The user is entering a number. That some values are invalid for technical reasons does not change the nature of the user interaction. I would go with an option that is the most natural to enter a number
Perhaps keep a regular number field, but when the user finishes their input, nudge the number to the closest valid option with a minor message to go with it?...
I think a horizontal slider with:
Graduations (tick marks) showing the possible values
A handle with a triangle end pointing to those tick marks
Snapping to the closest possible value when you drop the handle
A feedback of the actual value
Of course, the ability to manipulate with the keyboard
Optionally, the ability to use arrows or +/- to move to the next/...
Elementary factor seems to be fixing the error.
You need some intelligent code that will loop after the collection from * and if it encounters a hole, enter a value less than (index - 1) and greater than (index + 1).
Dropdown with 50 options is too mundane(but it's possible to implement search inside)
DatePicker - sounds reasonably, 2 interactions ...
This is essentially the same as the answer above by @Mohammed Yaseen Ganai, but I felt that some more explanation was in order to really help you understand the suggestion.
The most important thing here is not breaking convention unnecessarily - there already exist UI elements to do exactly what you want to do: Radios and Checkboxes.
There are several ways to go about this. But generally, the current table data entries have no form of hierarchy whatsoever.
So we start by:
1. Creating a hierarchy between the labels and the content: Here I am doing that by font size and weight. The contrast could be created in a lot of other ways though.
2. We then look at the information themselves ...
Is it a web app or a mobile app? Either way, on mobile phones in portrait orientation it is abnormal and inconsiderate to reserve so much screen real estate for a fixed menu. In landscape it might work, but generally and as James Coyle says, a side-navigation can typically be hidden from view with a toggle.
Tabs and Bottom Navigation work well in portrait ...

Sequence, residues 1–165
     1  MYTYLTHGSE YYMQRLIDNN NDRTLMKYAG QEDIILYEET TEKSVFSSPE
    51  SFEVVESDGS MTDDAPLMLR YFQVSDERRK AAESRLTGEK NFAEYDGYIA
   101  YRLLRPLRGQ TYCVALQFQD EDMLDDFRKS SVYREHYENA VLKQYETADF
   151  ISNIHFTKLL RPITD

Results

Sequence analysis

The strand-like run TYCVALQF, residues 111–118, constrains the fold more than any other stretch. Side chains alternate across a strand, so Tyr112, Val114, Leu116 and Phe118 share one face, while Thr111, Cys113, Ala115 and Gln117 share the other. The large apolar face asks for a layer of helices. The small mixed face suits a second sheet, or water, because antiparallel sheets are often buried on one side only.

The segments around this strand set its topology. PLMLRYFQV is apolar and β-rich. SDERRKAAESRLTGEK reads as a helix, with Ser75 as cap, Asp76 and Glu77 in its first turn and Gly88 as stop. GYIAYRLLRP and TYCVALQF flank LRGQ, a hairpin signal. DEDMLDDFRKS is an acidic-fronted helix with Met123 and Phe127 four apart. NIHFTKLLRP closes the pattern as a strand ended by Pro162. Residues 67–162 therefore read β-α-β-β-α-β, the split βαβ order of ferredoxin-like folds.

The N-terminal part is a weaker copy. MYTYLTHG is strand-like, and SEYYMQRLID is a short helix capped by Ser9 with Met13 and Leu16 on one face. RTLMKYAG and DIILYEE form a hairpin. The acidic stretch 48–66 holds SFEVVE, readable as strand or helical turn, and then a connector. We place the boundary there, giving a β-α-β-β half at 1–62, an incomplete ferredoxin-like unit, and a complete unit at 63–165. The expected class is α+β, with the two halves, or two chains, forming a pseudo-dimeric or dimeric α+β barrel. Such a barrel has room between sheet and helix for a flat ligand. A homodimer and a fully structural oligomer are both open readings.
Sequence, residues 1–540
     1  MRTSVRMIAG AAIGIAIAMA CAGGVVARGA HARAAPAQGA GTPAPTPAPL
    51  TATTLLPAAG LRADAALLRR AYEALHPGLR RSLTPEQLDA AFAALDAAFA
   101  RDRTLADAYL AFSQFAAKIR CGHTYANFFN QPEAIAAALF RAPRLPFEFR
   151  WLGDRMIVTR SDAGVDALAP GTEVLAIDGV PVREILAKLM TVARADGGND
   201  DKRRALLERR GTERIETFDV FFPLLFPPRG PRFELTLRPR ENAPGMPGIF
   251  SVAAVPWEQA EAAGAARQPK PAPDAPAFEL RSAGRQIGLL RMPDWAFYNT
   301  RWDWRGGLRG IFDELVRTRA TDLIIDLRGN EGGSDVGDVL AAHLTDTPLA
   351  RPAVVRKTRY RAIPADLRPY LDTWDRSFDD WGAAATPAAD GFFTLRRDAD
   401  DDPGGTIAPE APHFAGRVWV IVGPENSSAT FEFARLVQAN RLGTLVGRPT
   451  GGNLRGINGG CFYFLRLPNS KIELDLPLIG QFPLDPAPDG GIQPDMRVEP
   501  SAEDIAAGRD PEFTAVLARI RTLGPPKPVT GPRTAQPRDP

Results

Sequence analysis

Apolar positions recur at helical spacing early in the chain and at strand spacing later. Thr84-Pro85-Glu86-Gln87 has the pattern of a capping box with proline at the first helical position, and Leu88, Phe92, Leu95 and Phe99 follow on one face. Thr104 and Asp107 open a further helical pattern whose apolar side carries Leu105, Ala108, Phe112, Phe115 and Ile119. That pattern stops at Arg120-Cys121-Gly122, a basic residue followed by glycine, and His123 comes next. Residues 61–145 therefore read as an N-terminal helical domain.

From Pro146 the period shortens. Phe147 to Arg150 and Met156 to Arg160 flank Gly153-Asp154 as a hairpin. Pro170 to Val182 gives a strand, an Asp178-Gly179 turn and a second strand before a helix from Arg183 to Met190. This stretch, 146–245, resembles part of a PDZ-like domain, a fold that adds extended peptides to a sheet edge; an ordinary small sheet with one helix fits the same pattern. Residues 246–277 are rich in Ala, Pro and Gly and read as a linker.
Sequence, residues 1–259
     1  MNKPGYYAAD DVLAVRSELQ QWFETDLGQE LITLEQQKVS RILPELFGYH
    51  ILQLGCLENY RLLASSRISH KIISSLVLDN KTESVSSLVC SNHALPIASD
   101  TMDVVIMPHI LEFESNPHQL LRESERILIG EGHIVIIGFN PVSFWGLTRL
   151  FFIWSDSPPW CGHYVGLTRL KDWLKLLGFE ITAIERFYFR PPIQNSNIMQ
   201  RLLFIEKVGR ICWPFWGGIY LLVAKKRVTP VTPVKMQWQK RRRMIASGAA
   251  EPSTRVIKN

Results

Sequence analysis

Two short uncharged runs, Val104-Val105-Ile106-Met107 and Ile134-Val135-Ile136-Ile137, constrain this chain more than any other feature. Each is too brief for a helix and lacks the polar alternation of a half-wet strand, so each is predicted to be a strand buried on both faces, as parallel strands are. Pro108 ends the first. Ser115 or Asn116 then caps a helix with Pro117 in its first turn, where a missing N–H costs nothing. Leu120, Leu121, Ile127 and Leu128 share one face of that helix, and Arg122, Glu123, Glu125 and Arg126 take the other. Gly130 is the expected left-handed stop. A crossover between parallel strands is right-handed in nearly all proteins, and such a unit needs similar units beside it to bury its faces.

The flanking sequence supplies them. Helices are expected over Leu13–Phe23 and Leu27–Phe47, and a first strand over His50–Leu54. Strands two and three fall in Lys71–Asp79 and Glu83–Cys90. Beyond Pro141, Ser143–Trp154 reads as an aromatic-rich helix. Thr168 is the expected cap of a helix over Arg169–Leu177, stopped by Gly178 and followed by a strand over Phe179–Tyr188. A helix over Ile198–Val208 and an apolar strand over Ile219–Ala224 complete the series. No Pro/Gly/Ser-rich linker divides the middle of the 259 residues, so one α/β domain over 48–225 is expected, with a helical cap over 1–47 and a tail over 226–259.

By general rule, your buttons should look like buttons and your link should look like links. But reality is so that it is not always possible (or even good for your precise situation).
In my opinion, there is no real harm for links to looks like buttons. It's the other way around that is tricky (for the reasons you mentioned).
If you decide to make a ...
The user should not be bothered with your historical reasons for limitations.
Prepare a mapping between valid values and consecutive numbers, e.g.:
Id: 1, 2, 3, 4, 5, 6, 7, 8, 9, 10
Valid value: 1, 2, 3, 4, *, 6, *, 8, *, 12, *, 16, 17, 18
and present the Id's to the user only ("pick a number between 1 and 50"). Behind the screens ...
If you can combine a normal number input with a drop down menu that greys out invalid number, and centers on the number entered, with up and down arrows that go to the next valid number, that strikes me as the most intuitive.
Vertically below each other in an order that makes sense to your users.
The issue with putting fields horizontally next to each other is that they are sometimes missed.
Have a search for LukeW, he is a UX researcher at Google and has some amazing content on form best practices.
Switches are generally used when there are only one or two options. In this case, there a four options so checkboxes would work better. The options could be made more user-friendly and understandable with the addition of a verb:
Allow multiple valid answers [checkbox]
Allow multiple attempts [checkbox]
Shuffle questions [checkbox]
Shuffle answers [...
Maybe you should concretize the option's choice a bit, this will help you not to spread too much in a multitude of variants.
I think the beginning you raise in your options is almost infinite: choose a font. There are millions of fonts. Instead I would propose something more generic like choosing a global style so this style can come with some default fonts,...
So, is there any UX reason for doing something like this, or is this just bad design?
There is a definite reason for this in my eyes, the learnability of interface and the predictability of the resulting behaviour.
If I have a phone / car etc with "chunks" of fuel, I can begin to learn how long a chunk lasts, "I'm on one bar on my phone" that means I have ~...
Look for all the ways your data can be presented and consider facts as : how many users will you poke the most and the least. Can I poke 500 users or 50000 users ?
What is important for me to see ? Who I poked or who responded or what the response is ?
That will lead you to a more condensed view. Maybe a chart with filters and hover to show info. It ...
Allow only 1 to be locked at a time
Essentially make them radio buttons. It looks like the three variables (rise, run, grade/angle) are one of three things to the user:
I know this value
I'm trying to find out this value
I'm experimenting with this value
If any two of them are the first, allow the user to put them in directly (just have four number input ...